Veterinarians, veterinary technicians, canine nutritionists, canine massage therapists and canine behaviorists are all professions that provide health care for dogs. Dog walkers and pet sitters provide care in the absence of the dog's owner. Trainers instruct owners in ways to teach desired behaviors to their dogs. Groomers help maintain a dog's appearance and can alert owners to suspected medical conditions.
Veterinarians are the primary providers of health care for dogs. Becoming a veterinarian requires completion of a four-year post-graduate training program. Students working towards a Doctor of Veterinary Medicine degree, or DVM, take complete coursework in animal health and disease, animal anatomy, animal behavior and other topics. Many veterinarians pursue further training to focus on specific conditions, behavior or nutrition. Behaviorists work with owners to resolve severe behavior issues such as aggression or compulsive behaviors that threaten the dog's health and may prescribe drugs such as Prozac if training regimens are ineffective.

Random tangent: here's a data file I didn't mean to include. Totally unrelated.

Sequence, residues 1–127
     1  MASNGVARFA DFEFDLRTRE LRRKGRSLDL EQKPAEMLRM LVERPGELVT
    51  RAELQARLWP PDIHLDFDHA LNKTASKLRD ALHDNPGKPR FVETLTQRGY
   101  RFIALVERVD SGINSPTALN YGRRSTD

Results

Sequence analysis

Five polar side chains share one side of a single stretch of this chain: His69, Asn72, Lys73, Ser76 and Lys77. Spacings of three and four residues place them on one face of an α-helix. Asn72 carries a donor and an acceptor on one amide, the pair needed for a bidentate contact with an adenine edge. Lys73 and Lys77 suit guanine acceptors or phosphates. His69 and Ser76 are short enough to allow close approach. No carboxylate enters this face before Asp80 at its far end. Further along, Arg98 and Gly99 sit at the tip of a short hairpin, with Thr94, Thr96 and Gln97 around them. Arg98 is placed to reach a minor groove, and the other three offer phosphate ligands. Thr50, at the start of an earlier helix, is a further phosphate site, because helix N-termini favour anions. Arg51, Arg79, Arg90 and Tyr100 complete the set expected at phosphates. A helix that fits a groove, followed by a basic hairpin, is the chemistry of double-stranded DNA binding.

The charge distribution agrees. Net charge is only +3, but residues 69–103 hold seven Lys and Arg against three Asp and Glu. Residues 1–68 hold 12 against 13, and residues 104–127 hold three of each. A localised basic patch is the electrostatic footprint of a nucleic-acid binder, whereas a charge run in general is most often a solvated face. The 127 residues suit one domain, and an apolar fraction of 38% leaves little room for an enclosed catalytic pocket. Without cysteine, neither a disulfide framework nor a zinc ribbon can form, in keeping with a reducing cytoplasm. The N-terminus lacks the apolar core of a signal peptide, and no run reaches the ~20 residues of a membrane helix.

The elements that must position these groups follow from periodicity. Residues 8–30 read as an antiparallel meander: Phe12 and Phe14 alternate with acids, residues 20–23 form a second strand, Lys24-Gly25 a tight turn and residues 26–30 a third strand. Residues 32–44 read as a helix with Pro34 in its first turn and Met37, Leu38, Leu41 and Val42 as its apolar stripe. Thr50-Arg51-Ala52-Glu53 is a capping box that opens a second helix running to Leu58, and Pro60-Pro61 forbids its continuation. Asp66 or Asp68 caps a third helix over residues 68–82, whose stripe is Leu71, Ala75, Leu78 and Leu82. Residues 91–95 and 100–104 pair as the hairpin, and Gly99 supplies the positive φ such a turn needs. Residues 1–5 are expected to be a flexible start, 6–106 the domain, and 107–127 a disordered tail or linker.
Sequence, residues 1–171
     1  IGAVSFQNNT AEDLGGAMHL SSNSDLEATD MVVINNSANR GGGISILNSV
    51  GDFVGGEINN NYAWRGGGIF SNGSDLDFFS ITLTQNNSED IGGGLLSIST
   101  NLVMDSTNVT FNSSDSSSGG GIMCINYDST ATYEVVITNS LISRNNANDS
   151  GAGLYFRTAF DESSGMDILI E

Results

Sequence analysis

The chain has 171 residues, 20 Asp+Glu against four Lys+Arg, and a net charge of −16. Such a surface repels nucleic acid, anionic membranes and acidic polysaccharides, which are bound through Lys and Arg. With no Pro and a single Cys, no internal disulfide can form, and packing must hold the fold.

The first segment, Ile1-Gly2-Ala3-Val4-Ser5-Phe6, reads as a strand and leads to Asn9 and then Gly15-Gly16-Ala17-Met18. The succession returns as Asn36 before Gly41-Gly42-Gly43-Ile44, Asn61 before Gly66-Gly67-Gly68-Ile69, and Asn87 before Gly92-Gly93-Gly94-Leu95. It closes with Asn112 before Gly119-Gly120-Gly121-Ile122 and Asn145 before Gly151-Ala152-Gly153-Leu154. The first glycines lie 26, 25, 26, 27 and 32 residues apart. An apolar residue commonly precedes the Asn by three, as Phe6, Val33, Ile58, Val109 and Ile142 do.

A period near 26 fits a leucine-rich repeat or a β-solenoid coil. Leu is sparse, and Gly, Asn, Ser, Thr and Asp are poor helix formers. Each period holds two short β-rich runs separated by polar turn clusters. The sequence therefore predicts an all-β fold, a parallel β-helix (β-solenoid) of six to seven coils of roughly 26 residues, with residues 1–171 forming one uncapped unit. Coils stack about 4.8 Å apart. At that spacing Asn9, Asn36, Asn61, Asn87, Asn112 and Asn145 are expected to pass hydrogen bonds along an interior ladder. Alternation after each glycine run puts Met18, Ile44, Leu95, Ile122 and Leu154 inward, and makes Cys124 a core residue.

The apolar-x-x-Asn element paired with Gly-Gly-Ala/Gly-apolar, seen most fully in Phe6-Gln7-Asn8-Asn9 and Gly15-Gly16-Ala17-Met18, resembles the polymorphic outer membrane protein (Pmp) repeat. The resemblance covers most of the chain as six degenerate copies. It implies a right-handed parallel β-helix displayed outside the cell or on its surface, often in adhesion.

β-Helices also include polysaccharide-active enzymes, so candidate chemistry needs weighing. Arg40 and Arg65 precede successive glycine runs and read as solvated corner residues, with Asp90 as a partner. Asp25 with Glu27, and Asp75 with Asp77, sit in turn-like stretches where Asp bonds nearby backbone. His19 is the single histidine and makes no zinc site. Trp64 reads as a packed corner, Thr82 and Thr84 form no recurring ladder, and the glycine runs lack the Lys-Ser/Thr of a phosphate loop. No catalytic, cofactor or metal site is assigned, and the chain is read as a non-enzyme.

Veterinary technicians work closely with veterinarians to assist in handling and restraining patients, providing nursing care to sick animals, and performing laboratory work.
Canine massage therapists use hands-on techniques to relax muscles, stimulate circulation and enhance range of motion. They work either on their own or in with vets. Some states require training and certification to become a canine massage therapists.
Pet sitters and dog walkers care for dogs in the absence of their owners. Trainers address a variety of behavior problems but don't prescribe drugs. Some pet sitters provide overnight boarding for owners on vacation or pet taxi services. Kennel attendants provide care such as cage cleaning for animals in boarding facilities and shelters.